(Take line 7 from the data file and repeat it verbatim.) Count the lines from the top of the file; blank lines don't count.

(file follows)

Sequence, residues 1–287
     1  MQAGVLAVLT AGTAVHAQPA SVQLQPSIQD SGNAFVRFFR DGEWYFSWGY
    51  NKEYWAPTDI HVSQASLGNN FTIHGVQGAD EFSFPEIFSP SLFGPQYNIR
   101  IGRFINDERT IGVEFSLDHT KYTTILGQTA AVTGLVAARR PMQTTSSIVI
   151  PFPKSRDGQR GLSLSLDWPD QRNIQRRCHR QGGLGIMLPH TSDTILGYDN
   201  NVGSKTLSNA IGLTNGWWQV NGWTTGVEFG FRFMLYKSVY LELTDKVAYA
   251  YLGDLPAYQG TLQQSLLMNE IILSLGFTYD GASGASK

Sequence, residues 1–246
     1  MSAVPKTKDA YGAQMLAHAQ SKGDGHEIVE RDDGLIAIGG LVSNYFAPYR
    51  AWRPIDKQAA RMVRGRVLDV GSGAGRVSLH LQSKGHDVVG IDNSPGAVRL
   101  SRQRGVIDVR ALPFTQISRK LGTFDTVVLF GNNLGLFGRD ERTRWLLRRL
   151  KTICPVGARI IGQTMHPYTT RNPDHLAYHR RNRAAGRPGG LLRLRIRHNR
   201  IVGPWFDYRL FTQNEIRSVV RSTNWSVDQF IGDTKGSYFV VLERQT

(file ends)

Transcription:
   251  YLGDLPAYQG TLQQSLLMNE IILSLGFTYD GASGASK